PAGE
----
Detroit Lions Week 3: Right, Wrong, and WTF

It took three weeks, but the Detroit Lions showed us that they can be competitive and adaptive. For the first time all season, they put together four quarters of winning football and showed some promise. They went into the desert and buried the Arizona Cardinals. They haven’t restored the roar but have restored some hope.

Let’s examine what went right, what went wrong, and, well… WTF.

THE RIGHT:

Matthew Stafford and company had another great opening drive, consuming 6:33 of the first quarter. Adrian Peterson continued to impress by racking up 75 yards on 22 carries, including a 27-yard run on the second play of the game.

WR Kenny Golladay made his regular season debut, and boy, did the offense look different; he shared the team lead in targets (7) and led the team in receptions (6) and yards (57). With Golladay back in the line-up, Stafford had a legitimate number-one receiver that forced the Cardinals to either bracket or shadow for most of the game. This freed up the middle for T.J. Hockenson, who also shared Golladay’s lead in targets (7) while posting four catches for 53 yards.

On offense in the first half, the Lions had established good tempo, utilized play-action, and for the most part, gave Matthew Stafford a clean pocket from which to operate.

This was, by far, Stafford’s best showing of the year. He looked comfortable in the pocket, trusted his reads, and delivered some absolute dimes, including a beautiful deep ball to Marvin Hall that was called back due to a Halapoulivaati Vaitai holding penalty.

On defense, Detroit finally made in-game adjustments. After being torched by Aaron Rodgers a week ago, the Lions did what I, and many fans and experts, have been asking for them to do, which is run more zone concepts instead of the man-to-man coverage scheme that has been Matt Patricia’s staple since he came into the league. According to ESPN Stats & Information, the Lions ran man coverage 82.1% and 81.8% in each of the first two games, respectively. On Sunday, they ran a man coverage on only 55.6% of their plays. Although both interceptions, including Jeff Okudah’s first, came while the Lions were in a man look, the variation in scheme seemed to confuse Kyler Murray enough to where he made uncharacteristic mistakes.

DeAndre Hopkins was going to get his on Sunday; as, arguably, the best wide receiver in the game, it was expected. He finished with 10 catches for 137 yards. However, the silver lining in this is that the defense limited or eliminated the rest of Kyler Murray’s receiving corps. They contained Murray in the pocket, and for the most part, eliminated his rush lanes. He ran five times for 29 yards, including a highlight reel move on Jeff Okudah in the end zone. Not a perfect day by any means, but certainly an improvement over what we have collectively seen in the last two weeks.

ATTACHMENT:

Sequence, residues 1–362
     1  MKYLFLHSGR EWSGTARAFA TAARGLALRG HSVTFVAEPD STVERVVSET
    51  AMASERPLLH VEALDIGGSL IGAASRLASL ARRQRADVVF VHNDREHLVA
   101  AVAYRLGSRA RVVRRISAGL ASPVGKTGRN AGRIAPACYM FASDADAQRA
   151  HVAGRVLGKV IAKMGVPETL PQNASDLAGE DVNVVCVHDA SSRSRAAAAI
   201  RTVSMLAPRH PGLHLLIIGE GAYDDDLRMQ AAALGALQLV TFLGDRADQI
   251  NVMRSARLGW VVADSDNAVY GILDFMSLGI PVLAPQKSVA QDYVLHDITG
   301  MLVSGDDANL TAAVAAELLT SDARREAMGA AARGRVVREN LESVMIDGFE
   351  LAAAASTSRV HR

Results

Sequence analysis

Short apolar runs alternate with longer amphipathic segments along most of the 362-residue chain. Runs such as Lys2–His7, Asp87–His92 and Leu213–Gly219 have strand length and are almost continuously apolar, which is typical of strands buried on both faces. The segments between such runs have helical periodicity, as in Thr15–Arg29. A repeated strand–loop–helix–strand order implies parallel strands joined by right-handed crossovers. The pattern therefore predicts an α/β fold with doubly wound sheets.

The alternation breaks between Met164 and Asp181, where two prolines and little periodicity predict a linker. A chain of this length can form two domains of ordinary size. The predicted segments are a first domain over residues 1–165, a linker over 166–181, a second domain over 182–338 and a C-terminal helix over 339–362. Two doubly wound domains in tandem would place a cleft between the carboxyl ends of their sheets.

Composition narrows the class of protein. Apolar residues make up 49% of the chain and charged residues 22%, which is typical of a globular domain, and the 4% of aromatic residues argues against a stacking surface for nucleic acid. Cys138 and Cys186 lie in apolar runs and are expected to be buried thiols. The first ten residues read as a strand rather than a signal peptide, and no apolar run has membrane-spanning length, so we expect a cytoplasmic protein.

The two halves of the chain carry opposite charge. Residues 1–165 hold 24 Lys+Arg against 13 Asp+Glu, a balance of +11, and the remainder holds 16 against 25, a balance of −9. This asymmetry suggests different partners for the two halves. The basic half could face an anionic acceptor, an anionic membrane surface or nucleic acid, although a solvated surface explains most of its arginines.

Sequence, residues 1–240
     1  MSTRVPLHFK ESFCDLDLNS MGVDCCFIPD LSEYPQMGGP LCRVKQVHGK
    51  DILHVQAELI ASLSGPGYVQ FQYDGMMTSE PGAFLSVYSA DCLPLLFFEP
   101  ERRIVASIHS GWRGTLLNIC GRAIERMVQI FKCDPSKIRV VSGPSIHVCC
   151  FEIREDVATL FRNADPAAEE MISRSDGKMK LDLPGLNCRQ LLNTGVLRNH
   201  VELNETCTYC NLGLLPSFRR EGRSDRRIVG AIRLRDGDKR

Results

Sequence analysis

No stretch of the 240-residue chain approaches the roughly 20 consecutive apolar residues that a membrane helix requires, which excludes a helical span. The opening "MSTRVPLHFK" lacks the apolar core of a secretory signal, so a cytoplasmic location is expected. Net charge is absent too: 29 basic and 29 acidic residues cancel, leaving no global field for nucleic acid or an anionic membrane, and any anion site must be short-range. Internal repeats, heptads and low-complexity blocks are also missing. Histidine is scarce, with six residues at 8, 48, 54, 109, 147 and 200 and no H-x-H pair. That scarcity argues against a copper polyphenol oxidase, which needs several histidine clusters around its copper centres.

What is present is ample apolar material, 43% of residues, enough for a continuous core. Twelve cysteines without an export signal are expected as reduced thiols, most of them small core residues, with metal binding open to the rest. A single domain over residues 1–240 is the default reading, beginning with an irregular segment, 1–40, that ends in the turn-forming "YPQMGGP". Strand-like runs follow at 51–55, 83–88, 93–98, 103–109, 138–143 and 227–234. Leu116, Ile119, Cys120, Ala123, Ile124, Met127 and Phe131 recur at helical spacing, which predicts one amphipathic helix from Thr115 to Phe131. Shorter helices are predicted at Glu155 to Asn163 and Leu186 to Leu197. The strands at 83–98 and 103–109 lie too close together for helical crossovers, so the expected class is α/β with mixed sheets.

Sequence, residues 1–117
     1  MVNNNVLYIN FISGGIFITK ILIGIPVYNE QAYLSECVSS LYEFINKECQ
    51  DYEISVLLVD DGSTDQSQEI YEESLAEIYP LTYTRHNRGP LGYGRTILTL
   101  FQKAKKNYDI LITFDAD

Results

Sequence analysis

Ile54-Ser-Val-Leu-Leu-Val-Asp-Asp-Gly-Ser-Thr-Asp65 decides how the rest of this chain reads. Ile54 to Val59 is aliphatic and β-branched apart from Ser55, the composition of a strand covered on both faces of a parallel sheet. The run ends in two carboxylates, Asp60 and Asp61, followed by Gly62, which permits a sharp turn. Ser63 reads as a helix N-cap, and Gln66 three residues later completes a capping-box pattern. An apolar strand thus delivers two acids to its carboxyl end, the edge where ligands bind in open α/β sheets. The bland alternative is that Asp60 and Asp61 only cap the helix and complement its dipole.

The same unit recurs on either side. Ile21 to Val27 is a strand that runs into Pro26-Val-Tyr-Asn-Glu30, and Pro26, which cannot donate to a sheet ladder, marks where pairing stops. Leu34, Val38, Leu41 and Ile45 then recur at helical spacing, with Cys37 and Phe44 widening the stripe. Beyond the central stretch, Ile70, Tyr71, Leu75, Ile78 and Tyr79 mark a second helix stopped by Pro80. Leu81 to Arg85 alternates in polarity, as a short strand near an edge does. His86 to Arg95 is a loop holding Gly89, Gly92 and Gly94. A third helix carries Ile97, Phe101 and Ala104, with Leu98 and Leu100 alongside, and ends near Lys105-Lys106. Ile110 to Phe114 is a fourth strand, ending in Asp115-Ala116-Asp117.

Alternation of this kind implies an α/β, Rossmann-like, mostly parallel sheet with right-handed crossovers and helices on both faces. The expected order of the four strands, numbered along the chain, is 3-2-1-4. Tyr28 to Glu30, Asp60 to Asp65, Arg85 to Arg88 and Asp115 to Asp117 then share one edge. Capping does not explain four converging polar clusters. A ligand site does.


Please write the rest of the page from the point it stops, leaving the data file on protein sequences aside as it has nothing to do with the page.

THE WRONG:

While the Lions did switch up the scheme, this did not change one of their most glaring problems: the pass rush. The defense was only able to manufacture one sack for two yards. Some will say this is due to the fact that they tried to keep Kyler Murray in the pocket, contain the edge, and maintain rush integrity. The tape showed it was rare that Patricia sent more than three or four rushers. His blitzes primarily came from the ‘B’-gap, likely due to fear of losing contain and not wanting to leave his corners on an island. The Lions have a total of three sacks this year, ranking 28th in the league. The Saints come marching in this week, and unless they can manufacture more pressure, Drew Brees will pick them apart. Matt Patricia is going to have to get more creative using Jamie Collins and his linebackers.

WTF:

There were not many reasons to say “WTF,” for a change. The Lions actually played an entire four quarters, won the time of possession, and delivered when they had to. However, if I am being picky, the offense has yet to find a consistent rhythm for four quarters. The Lions relied heavily on “the other Matthew” in the second half; kicker Matt Prater connected on three field goals in the second half, including the game winner. For this team to take the next step on offense, they cannot abandon the run game and get too cute.

We can only hope with Kenny Golladay being back, this offense will find its next gear and unlock the potential it has. If Detroit has any hopes of beating the Saints, despite not clicking on all cylinders, this Lions team still has enough firepower to make others play catch-up.

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